In a notable U-turn, the European Commission has proposed a collective and coordinated exit of all 27 member states from the controversial Energy Charter Treaty (ECT), an obscure international agreement that protects energy investors from unexpected circumstances that might hurt their profit expectations.
With 53 signatories, it is considered the most litigated investment deal in the world.
The policy change comes after the European Commission’s proposed reform to modernise the treaty collapsed in late November due to the opposition of Germany, France, Spain and the Netherlands, who had previously announced plans to unilaterally withdraw.
The blocking minority left the reform process in a no man’s land, with more countries, such as Poland, Luxembourg, Belgium and Austria, voicing similar plans to pull out.
The European Parliament passed last year a resolution urging the European Commission to lay the groundwork for a way out.
In the end, the executive, who had for months defended member states were better inside a revised ECT rather than out, appears to have given in to the growing opposition.
“Despite the Commission’s successful efforts to negotiate a modernised Energy Charter Treaty in line with the negotiating mandate given to us by the member states, there is no qualified majority in the Council to adopt the modernised Treaty,” a European Commission spokesperson told Euronews.
“An unmodernised ECT is not in line with the EU’s policy on investment protection or the European Green Deal. Given that it is not feasible to secure a majority in Council to adopt the modernised ECT, we consider that the EU, Euratom and member states should carry out a coordinated withdrawal from the ECT.”
The executive presented governments with a roadmap on how to proceed with a collective withdrawal on Tuesday afternoon.
No further details on a possible timeline were provided.
The Energy Charter Conference, the inter-governmental organisation that oversees the treaty, did not immediately reply to a Euronews request for comment.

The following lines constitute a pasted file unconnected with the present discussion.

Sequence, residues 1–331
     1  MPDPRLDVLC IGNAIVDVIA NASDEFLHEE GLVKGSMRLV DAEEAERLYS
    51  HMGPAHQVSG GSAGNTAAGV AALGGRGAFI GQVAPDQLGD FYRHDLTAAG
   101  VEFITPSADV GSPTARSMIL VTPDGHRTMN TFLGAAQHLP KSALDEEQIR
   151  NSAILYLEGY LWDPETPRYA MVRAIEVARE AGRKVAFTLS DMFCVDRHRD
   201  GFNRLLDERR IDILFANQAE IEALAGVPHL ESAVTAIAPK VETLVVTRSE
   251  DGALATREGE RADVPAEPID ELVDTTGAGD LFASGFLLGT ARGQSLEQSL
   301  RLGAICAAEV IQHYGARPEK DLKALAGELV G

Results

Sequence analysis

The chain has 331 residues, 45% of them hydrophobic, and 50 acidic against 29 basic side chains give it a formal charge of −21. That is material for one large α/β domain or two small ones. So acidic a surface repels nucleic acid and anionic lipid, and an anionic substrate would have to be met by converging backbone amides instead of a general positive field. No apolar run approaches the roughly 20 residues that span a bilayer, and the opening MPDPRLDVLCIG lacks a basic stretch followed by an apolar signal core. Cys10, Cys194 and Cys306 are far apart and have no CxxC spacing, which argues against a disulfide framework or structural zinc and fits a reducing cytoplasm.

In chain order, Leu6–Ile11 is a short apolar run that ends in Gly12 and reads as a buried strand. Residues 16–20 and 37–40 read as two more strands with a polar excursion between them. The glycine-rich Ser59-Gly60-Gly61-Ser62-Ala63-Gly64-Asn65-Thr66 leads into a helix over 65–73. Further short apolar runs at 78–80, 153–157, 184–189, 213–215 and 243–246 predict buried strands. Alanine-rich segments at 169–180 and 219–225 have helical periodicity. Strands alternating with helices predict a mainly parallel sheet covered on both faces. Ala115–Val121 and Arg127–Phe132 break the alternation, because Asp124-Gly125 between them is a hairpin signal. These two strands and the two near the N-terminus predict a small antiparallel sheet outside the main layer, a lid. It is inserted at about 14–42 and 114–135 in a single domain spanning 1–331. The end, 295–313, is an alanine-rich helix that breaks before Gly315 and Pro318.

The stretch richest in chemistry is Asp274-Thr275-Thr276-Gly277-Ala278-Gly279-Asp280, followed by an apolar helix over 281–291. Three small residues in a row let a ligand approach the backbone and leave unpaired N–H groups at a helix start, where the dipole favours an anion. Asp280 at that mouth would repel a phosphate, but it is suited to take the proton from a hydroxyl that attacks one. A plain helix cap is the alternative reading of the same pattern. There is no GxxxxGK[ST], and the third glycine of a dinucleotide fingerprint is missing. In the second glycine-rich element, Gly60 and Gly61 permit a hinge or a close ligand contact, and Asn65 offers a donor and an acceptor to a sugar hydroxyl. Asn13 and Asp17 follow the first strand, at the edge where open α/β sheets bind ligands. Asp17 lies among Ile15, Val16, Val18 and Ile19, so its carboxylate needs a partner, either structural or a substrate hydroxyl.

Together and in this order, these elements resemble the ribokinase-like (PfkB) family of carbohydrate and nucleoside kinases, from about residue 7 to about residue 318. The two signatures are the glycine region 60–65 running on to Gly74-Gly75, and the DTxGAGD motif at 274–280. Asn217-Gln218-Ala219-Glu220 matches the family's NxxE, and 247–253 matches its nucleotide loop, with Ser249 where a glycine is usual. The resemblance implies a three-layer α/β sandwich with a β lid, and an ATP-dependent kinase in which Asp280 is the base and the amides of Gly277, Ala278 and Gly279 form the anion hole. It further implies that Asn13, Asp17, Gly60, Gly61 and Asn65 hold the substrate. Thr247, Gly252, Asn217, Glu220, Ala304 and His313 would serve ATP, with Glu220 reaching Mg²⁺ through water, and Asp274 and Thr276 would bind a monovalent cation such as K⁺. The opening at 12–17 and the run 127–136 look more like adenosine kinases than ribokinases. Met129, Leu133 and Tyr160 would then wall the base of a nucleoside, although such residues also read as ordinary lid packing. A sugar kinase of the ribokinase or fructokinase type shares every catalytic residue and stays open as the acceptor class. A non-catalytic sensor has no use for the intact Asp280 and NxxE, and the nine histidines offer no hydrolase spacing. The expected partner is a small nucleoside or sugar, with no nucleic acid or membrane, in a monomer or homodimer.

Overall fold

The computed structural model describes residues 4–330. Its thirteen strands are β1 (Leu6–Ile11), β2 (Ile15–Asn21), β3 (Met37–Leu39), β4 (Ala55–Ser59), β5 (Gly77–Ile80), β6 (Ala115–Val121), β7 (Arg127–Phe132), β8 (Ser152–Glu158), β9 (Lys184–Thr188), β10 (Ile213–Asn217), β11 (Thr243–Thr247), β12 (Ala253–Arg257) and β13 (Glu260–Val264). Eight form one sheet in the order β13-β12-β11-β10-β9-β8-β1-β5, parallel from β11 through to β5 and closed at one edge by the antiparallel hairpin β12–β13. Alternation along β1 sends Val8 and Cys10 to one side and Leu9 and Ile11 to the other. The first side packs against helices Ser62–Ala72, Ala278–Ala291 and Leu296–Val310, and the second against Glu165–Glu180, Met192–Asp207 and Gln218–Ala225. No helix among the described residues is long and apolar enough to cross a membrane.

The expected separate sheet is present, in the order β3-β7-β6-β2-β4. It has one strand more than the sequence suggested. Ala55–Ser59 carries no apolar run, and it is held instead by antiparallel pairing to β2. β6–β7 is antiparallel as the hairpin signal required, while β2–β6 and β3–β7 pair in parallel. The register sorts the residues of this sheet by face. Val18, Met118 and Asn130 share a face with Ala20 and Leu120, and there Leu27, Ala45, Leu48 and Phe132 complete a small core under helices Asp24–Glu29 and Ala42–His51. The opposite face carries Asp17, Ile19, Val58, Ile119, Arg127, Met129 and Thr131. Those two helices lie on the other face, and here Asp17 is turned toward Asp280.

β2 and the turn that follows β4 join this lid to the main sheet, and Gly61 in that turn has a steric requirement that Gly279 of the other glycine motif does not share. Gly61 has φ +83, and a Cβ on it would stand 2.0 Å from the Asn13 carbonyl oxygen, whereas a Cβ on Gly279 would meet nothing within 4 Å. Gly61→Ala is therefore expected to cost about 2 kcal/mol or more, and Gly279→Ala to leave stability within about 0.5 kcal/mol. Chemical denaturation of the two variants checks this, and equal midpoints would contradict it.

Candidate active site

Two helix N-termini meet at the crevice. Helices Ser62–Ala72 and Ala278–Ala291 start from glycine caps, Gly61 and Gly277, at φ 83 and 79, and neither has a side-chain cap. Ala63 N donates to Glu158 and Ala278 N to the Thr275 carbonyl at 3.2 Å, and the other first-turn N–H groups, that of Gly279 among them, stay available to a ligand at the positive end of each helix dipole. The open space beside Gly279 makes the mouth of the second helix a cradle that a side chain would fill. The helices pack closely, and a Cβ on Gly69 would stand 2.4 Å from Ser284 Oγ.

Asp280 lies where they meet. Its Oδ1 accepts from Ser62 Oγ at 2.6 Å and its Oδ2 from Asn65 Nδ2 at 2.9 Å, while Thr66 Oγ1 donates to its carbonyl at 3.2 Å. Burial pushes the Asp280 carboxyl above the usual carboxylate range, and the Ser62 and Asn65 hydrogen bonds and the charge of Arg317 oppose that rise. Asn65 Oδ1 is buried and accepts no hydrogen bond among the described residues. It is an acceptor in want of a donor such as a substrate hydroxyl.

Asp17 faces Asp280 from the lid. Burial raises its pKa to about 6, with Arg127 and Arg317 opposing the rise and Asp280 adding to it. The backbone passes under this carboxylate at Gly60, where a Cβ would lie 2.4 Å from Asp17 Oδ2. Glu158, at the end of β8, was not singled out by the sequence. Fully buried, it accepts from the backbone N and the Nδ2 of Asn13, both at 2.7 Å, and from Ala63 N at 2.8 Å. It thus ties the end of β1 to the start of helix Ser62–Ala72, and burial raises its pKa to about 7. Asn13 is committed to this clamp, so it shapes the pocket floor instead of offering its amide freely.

Spain, one of the agreement’s leading detractors, openly welcomed the Commission’s about-face, saying it represented the acceptance of a common European exit as “the only possible solution.”
The shift “opens the path to decide the best way to abandon the Energy Charter Treaty,” said a Spanish government official.
Why is the ECT so controversial?
Signed in Lisbon in December 1994, the ECT was designed to promote cross-border cooperation in the energy sector between the two sides of the former Iron Curtain.
The treaty offered extra guarantees to Western investors that were looking to do business in former Soviet states, which were then transitioning towards a model of market capitalism and had plenty of fossil resources awaiting exploitation.
Under the ECT, investors were protected against discriminatory access, expropriation, nationalisation, breaches of contract and other unexpected circumstances that could impact their profit expectations.
The agreement grew over time and today has 53 signatories, including the European Union. Major energy exporters, like the United States, Saudi Arabia and Russia, are not bound by the deal.
The treaty covers the main aspects of trade in energy goods, investment, transit and efficiency.
One key provision, however, has become the source of intense criticism: a private, behind-the-scenes arbitration system with legally-binding rulings.
This arbitration allows investors and companies to sue governments and claim compensation over policy changes, such as net-zero goals, that threaten their business ventures and revenues.
Parties who exit the treaty remain vulnerable to litigation for 20 years.
Critics say the ECT provides disproportionate protection for fossil fuels at a critical time when they need to be phased out to fight the climate crisis.
The European Court of Justice ruled the arbitration system violates EU law and must not be used to settle disputes between member states.
In a bid to align the treaty with the EU’s green agenda, which foresees a 55% reduction in greenhouse emissions by 2030, the European Commission proposed a reformed text that would have limited the sunset clause to 10 years for old investments and only nine months for new energy projects.
The revised text would have also prohibited lawsuits between EU governments and EU investors, which are estimated to represent almost 75% of all legal cases under the ECT.
An agreement on the draft was reached “in principle” in June last year but later fell apart when member states ramped up their opposition.
As the reform did not take place, EU countries will remain tied by the contentious 20-year-old sunset clause after their coordinated withdrawal.
“The fact that the Commission is now advocating for a coordinated EU withdrawal is encouraging,” Lukas Schaugg, a law analyst at the International Institute for Sustainable Development (IISD), told Euronews.
“It would reduce risk of problematic arbitration claims in the future. Hesitant member states should now agree to such a step and the EU should take measures to neutralise the treaty’s sunset clause.”
The value of fossil fuel infrastructure in the EU, the UK and Switzerland covered by the treaty is estimated to be worth €344.6 billion, according to the magazine Investigate Europe.